Matchbox Theatre (Online review)

Matchbox Theatre (Online review)

Anyone interested in theatre will of course know the name Michael Frayn, writer of the perennial hit Noises Off but also other, more serious dramas such as Copenhagen. With Matchbox Theatre, Frayn is in (very) light vein this being a series of comic vignettes taken from his 2014 book which return the author to his sketch writing roots. Although the original conception was that these would be playlets to be performed in the reader’s brain, this production directed by Martin Jarvis takes an all-star cast and gives them voice. They are perfect for a hot afternoon (and haven’t we been having a lot of those lately?) when concentration is not at its best but some lighthearted diversion is called for. Spread across four half hour episodes the programming of the sketches seems somewhat random but certain themes – familiar to Fraynophiles – begin to emerge.


Frayn is a great wordsmith and writes dialogue that overflows with ideas and which investigates meaning. He clearly has no time for the weasel words of the political classes and in a couple of monologues from Martin Jarvis exposes the slipperiness of the phrases “if you like” and, particularly, the use of “let me be clear” when obfuscation is the intended outcome. The unreasonable fury some of us experience when overhearing repeated mispronunciations is highlighted in a sketch featuring Joanna Lumley and the specialist language employed by mathematicians is neatly skewered. Communicating via modern technology is often the bane of Frayn’s world (a subject he explored in his collection of short plays Alarms and Excursions), in  particular the telephone. Thus, we hear from an over loquacious Julia McKenzie who phones the council wanting to get rid of an old sofa and ends up telling the poor person at the other end her life story. A couple of Swedish telephone operators trying to inform Nobel Laureates that they have won a prize are routinely mistaken for cold callers. Best of all is Stephen Fry’s turn as a politician bemoaning the prevalence of mobile phones only to have his speech interrupted repeatedly by said object.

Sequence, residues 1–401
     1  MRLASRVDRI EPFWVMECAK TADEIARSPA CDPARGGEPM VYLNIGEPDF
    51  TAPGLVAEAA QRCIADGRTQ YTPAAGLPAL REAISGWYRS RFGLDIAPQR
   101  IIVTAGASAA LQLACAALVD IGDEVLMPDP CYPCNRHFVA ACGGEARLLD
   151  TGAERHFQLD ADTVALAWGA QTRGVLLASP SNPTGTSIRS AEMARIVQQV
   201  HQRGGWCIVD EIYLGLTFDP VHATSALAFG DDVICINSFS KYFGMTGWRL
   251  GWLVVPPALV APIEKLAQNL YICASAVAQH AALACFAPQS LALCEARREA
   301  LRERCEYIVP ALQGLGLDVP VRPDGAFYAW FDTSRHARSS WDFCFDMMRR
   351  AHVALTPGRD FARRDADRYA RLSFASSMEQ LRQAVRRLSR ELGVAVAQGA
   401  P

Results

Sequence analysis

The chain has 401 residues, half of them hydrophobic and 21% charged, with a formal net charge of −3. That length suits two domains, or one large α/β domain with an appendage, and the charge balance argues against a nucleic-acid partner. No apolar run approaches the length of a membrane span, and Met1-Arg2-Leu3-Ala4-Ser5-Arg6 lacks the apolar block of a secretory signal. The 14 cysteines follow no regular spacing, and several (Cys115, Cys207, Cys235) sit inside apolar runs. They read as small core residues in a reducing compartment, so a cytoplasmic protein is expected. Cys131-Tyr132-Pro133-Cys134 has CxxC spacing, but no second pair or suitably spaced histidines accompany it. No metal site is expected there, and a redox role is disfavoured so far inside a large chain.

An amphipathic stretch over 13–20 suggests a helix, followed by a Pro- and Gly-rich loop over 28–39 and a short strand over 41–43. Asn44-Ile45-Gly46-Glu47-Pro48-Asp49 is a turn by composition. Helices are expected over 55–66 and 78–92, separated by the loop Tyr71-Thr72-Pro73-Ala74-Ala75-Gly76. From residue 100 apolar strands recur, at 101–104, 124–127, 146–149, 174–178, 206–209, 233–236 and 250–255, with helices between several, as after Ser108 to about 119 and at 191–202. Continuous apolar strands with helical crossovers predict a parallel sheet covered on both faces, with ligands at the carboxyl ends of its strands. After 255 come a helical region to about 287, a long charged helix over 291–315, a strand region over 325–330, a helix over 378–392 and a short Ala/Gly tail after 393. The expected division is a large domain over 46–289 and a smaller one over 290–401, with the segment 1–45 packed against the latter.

Michael Frayn

Frayn is also interested in the difficulties of communication between long term couples whether they are discussing directions on a car journey or considering arrangements for dinner parties. Two sketches featuring Roger Allam, doing world weary as only he can do it, highlight this theme. In the first he is frustrated by his partner’s (Patricia Hodge) imprecision in talking about the man who, while he was out, “came round about the thing” and whether that “thing” is “inside” or “round the back”. In the second he is the knightly stone effigy on a tombstone (such as the one in Chichester Cathedral) who lies beside his wife (Lumley again) and in Frayn’s conceit is stirred to life by a Saturday night disco in the crypt. They bicker about inconsequentialities but, although hundreds of years dead, are revealed as having the same sort of concerns as the listeners.

Frayn’s biggest target is the world of the theatre itself as he takes pot shots at its various idiosyncrasies; this makes for a  number of good in jokes. Hamlet is repositioned as a breaking news item and there’s a clear reference made to Pinter’s One For The Road as the actors begin to question their onstage roles. Alex Jennings nicely portrays a theatre director who cannot distinguish reality from playmaking and tries to direct the public to behave as though they are in a street scene in a musical. A real treat is to hear the David Attenboroughesque send up of the nocturnal habits of the species known as Sceneshifters; and who better to play the commentator than Attenborough himself? There are jokes about opening announcements, intervals and after show postmortems all of which have a pleasing meta-theatricality about them and reinforce the playfulness (in both senses) of the enterprise.


As will have been gathered from the above Martin Jarvis has assembled a starry and experienced cast who give the old-fashioned revue format a new lease of life and are clearly having great fun doing so. Don’t expect to gain any profound revelations from listening but if you’re in the mood for something undemanding and light then this collection should pique your interest.

Matchbox Theatre can be found on BBC Sounds. Click here

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